• learnt how to do laser circumcision. And I am proud to say that my handiwork was pretty good too. Thing about using lasers is that you have to have good hand-eye-foot co-ordination. Hand because you have to target the laser, eye because you have to see what you are doing (duh) & foot because that’s how you turn the laser beam on & off (or shoot the laser, as a layman would say). There was a fellow from another Asian country who wasn’t terribly good with his hands, & one time, when I was assisting him, I saw him inadvertently “shoot” the laser at the glans penis – he didn’t lift his foot off fast enough. My eyes widened in horror & I cringed in empathy (although I am female, I could still imagine how sensitive that area is). Fortunately, it was a very small, very superficial burn.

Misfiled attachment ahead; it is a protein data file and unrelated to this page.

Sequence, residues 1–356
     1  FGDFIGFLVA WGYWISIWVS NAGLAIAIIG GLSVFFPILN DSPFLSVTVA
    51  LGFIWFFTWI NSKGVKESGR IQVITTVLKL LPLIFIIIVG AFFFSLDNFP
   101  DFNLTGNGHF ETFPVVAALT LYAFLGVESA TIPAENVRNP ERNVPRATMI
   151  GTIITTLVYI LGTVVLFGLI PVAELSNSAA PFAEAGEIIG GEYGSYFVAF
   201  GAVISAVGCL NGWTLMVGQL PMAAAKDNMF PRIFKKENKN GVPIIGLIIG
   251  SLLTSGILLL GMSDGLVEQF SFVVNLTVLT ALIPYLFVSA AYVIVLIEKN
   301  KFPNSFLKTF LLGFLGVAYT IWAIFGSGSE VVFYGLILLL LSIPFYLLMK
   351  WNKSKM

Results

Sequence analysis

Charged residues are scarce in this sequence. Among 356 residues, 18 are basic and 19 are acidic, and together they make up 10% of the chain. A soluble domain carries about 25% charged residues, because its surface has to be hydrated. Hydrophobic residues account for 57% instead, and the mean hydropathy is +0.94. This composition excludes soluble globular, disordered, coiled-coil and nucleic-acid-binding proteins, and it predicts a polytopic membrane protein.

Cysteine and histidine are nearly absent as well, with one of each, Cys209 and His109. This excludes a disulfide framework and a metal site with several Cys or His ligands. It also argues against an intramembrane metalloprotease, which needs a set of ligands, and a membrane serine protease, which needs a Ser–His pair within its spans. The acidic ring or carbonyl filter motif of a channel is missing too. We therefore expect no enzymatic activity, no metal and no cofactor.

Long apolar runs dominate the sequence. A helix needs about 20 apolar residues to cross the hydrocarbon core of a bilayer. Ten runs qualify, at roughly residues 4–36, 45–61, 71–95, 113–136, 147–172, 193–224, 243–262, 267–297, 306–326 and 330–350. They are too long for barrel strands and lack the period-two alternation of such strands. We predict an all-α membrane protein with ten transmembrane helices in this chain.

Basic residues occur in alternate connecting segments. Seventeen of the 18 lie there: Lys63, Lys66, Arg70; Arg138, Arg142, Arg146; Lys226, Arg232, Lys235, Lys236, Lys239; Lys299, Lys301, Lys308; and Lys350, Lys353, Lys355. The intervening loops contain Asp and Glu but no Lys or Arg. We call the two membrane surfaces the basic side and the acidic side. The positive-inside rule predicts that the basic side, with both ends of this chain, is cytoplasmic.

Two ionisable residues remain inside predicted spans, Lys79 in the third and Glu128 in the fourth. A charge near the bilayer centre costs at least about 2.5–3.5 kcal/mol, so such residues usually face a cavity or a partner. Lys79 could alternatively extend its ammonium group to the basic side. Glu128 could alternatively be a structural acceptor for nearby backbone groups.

• was taught how to differentiate between abdominal guarding & voluntary rigidity (in babies & children, who tend to be more sensitive to being palpated, this can be quite hard to do).

• developed a phobia of calling up radiologists on call to help confirm & manage intussusception. For some reason, certain radiologists were terribly unfriendly, and seemed to do the barium enemas very grudgingly. I often wished I could have told them: hey, I don’t like waking you up in the middle of the night either, but this kid is in pain, & signs point to a likely diagnosis of intussusception, you know!

• learnt that projectile vomiting in babies with pyloric stenosis is REALLY projectile, if you know what I mean;

• realized that many “head injury” patients tended to be admitted at night. I think the parents had no time to worry until after dinner, when fearsome thoughts & scenarios start flashing through their heads about the bump on their DDC’s* heads although the bump may have been sustained a week ago.